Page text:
Offline kvom

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Re: Elmers #46 Comber Rotary Engine-How to layout cam
« Reply #6 on: January 01, 2017, 02:17:46 AM »
I decided to try to get my engine running today.  It was an HMEM group build from 2008, and Gail supplied the group with the cam.  I didn't receive all the parts, but about 18 months ago I finished it.  It never ran very well.  Since Cabin Fever is dedicated to Elmer's Engines, I decided to give it another go.  Got it running tonight, although it wanted 40 psi to do so.


Offline ChipMaker

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Re: Elmers #46 Comber Rotary Engine-How to layout cam
« Reply #7 on: January 01, 2017, 06:10:33 PM »
Thanks KV for the reply; happy to see that you just got your engine running too!  Like all engines, they have to be loose, no tightness anywhere, as you know.  I would suspect, then, yours will run on a lot less air pressure.  Again, because this engine is so unique, in my opinion, I want to build one and add it to my Elmers engine design, collection.  Happy New Year 2017.  Karl in MI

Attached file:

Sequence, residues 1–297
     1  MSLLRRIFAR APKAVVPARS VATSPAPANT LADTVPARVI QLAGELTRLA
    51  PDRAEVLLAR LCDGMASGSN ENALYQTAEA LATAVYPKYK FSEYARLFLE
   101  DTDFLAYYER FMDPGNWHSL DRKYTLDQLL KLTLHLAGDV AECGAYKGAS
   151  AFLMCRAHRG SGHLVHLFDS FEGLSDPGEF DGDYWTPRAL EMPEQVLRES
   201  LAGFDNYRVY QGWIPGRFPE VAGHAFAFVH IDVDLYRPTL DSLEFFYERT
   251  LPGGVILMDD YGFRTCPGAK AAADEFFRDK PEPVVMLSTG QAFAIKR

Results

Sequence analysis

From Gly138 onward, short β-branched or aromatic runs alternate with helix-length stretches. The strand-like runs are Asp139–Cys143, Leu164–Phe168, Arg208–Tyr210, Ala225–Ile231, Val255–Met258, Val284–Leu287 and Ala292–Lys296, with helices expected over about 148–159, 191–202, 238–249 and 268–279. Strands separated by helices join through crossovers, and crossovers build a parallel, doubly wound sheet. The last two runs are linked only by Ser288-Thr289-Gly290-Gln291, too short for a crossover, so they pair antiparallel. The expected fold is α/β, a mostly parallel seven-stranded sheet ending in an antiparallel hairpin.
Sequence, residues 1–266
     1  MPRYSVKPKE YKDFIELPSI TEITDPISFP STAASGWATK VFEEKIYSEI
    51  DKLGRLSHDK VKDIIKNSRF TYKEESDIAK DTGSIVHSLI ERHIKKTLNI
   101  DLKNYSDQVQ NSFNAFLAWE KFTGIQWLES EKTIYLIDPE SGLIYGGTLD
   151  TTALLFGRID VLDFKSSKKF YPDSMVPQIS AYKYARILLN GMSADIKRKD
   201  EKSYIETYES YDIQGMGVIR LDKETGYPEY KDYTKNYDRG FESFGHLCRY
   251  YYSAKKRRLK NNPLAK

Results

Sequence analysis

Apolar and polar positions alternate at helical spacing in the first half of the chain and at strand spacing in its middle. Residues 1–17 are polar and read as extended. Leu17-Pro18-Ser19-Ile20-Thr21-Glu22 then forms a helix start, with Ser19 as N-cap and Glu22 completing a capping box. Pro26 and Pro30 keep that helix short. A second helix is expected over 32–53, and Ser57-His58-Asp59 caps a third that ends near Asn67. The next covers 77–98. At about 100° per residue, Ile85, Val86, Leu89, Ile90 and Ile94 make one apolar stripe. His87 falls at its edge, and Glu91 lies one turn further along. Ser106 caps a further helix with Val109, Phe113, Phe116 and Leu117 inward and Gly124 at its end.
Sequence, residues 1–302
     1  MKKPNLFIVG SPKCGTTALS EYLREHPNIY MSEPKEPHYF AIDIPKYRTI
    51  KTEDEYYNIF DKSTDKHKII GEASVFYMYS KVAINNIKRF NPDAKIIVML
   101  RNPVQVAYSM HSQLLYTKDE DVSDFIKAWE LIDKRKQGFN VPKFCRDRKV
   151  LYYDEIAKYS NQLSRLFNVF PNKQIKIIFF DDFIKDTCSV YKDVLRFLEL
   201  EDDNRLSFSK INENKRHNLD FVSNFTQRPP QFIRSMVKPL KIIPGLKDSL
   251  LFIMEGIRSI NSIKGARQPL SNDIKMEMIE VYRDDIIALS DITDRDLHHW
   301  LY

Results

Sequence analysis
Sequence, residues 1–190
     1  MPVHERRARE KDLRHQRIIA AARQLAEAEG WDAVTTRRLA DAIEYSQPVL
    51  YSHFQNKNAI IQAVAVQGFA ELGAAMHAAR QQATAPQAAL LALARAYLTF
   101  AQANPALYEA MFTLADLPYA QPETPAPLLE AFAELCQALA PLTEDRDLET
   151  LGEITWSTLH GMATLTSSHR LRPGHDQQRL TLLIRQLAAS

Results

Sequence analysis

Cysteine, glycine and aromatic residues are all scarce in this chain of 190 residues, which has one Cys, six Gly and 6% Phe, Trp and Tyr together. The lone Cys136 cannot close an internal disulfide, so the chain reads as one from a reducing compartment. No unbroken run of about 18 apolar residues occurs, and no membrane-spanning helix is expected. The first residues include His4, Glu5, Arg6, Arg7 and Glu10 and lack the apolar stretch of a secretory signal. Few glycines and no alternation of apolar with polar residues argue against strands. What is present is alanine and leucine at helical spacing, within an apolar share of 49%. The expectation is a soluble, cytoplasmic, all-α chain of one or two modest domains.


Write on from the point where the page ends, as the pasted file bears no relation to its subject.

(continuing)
Offline GailinNM

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Re: Elmers #46 Comber Rotary Engine-How to layout cam
« Reply #8 on: January 02, 2017, 12:30:09 AM »
Great going  KVOM.  Glad you finally got it going right.

Karl:  Here are a few of things that you may find helpful in making the cam on your equipment if you use the spread sheet.

First make two new columns for the XY coordinates. These columns will contain the XY coordinates that the existing XY columns have but have 2.000 added to them.  This way yu don't have to do any calculations to deal with the negative values of the coordinates as all the coordinates will  be positive values.  Makes working with the dials much easier.  Just remember to always remove the backlash.  All you are doing with this method is moving the reference to the chankshaft center to x=-2 and Y=-2 instead of 0,0.

Use a 1/4 inch center cutting end mill to Poke the holes in.   After the first hole, move around the cam in a counter clockwise direction.  This places the cutting load on the endmill on the edge that deflects it toward the center of the cam.  After it is through the stock it will spring back to the correct position to finish off the edge. This prevents any gouges in the cam face from tool deflection.